Ways to fix Cumulative Layout Shift (CLS)
Cumulative Layout Shift (CLS) is one of the Core Web Vital factors. It is used to measure the shifts in a page as the new content (images, ads & more) is shown later than the rest of the page. These shifts can move the content that you may be reading or you may click on a wrong link. CLS is all about measuring the unexpected shifts in a page. Shifts caused by user interactions are not considered.
CLS is measured throughout the lifetime of a page and is a unitless output. A CLS score of below 0.1 is required to pass and a score of above 0.25 is considered poor. Use tools like Lighthouse to measure CLS.
These are ways to fix and optimise your CLS issues:
1. Make sure to set the ‘width’ and the ‘height’ attributes for all your images. If you do not use them then the image may cause a shift in the content to make way for it after it downloads. Adding these attributes can help to reduce the CLS.
Use Chrome DevTool to get the dimensions of an image. Use the intrinsic size that is the actual size of the image.
If you use responsive images and use CSS to change the image dimensions then you can use these attributes to calculate the height.
2. Use the new CSS property ‘aspect-ratio’ to calculate the height for the responsive images. This is supported by Chromium based browsers and FireFox. If you do not use ‘aspect-ratio’ then the browser will use the default aspect-ratio of 2:1. Using this property you can avoid a layout shift.
3. For those elements that need a fixed height you can use the ‘min-height’. For example, you can use it for fixed headers. As the height usually causes the shift issues.
5. Web fonts can cause CLS issues. The browser first calculates the space needed based on the fallback font and then recalculates it when the web font is downloaded. You should use a similar sized fallback font to avoid any CLS issues. To avoid such issues you need not use web fonts at all and use system fonts instead.
You can use ‘font-display: optional’ to not use them if not downloaded in time for the initial render.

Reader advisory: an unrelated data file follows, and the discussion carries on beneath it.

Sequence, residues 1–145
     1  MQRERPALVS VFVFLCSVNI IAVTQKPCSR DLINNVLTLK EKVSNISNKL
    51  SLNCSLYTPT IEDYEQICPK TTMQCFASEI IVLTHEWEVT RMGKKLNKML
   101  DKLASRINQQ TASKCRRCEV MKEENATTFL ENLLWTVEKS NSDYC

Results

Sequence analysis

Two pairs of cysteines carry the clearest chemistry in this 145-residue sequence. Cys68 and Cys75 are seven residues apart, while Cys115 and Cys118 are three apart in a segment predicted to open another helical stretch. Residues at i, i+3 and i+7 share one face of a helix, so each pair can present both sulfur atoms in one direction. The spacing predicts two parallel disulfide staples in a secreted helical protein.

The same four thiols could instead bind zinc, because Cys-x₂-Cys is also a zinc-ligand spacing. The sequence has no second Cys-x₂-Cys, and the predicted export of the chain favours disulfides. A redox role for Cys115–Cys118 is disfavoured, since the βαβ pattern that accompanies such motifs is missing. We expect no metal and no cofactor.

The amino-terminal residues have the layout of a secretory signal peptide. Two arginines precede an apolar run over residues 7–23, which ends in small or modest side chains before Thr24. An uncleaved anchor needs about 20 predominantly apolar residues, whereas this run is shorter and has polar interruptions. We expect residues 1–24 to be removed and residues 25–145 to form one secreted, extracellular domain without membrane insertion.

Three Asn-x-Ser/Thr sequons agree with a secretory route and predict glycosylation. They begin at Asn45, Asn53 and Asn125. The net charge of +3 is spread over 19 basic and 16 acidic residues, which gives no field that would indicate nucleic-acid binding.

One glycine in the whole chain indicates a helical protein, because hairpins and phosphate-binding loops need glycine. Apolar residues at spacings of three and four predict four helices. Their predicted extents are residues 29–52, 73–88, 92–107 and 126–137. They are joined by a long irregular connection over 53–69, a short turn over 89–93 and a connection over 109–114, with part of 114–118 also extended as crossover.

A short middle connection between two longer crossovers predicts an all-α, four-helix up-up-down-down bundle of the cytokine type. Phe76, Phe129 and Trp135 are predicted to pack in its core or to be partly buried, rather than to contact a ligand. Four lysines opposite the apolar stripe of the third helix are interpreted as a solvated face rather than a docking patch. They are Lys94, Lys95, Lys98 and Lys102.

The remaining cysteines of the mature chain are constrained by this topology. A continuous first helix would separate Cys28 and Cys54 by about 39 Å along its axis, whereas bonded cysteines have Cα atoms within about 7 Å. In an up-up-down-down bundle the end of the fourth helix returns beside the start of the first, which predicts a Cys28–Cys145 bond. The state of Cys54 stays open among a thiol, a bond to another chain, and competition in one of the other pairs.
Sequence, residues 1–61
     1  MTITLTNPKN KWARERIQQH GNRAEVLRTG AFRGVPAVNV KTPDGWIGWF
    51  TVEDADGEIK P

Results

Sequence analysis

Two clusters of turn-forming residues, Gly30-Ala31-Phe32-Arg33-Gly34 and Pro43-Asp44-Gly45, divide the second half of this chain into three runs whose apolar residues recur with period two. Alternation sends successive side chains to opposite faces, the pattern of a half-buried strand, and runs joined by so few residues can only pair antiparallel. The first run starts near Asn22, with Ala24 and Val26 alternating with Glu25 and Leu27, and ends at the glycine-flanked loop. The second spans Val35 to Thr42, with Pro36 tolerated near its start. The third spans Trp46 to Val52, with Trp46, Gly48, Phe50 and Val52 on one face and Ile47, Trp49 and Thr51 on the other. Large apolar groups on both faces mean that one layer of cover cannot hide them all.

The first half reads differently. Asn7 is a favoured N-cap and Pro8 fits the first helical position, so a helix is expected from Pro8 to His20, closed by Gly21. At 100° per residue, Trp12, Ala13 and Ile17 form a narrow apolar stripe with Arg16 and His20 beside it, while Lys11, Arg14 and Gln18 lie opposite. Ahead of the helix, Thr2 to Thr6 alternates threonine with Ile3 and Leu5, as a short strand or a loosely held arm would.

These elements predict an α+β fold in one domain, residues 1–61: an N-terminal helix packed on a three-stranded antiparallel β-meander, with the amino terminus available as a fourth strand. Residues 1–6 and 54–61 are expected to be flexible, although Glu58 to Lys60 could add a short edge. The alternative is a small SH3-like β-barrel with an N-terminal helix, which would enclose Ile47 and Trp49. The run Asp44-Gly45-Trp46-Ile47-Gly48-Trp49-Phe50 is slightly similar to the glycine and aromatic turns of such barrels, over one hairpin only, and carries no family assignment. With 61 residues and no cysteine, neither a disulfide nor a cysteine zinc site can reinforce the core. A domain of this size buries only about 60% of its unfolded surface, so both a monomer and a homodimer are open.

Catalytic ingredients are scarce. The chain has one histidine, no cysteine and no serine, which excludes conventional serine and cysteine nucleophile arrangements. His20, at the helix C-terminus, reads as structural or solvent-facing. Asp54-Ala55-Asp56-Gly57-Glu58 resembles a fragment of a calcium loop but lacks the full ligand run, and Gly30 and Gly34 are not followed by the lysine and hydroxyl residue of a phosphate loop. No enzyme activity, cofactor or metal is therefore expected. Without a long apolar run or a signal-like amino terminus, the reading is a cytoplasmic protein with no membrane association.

Another option is to make sure the sections are appropriately sized by using ‘min-height’. This way only the text in them may shift but the content below will not be pushed down. The content will not shift down even if slightly larger fonts are loaded (different fonts cannot cause a different number of lines). This will help to reduce CLS.
This issue can also be solved by using the new CSS font descriptors. They allow you to adjust the fallback fonts easily in CSS.
6. Biggest cause of the layout shifts are the ads. Ads can push the visible content that you are viewing and cause a poor user experience. To fix this you can reserve space statically for the ads. You should style the item before you load the ad tag library.
When you put ads in the content flow you should allocate the slot size to avoid layout shifts. If they are loaded off-screen then they will not cause any shift.
If a placeholder does not show any ad even when the ad slot is available do not collapse the allocated space.
Reserve the ad slots for the widest possible duration to avoid layout shifts. You should use historical data while selecting the most likely size for an ad slot.
7. You should improve your HTTP response as it can also cause issues with content layout. If you use a CDN then it can take some milliseconds to load the elements. This can cause the content to jump. This can be fixed by building a space in DOM or by synchronising the loading with the other elements.
8. While displaying UI at the top or the bottom of the page to avoid layout shift you should reserve space in the viewport for it in advance. You can also try using skeleton UI so that once it loads it does not move the page content.
Check one more article on core web vital factor FID here -
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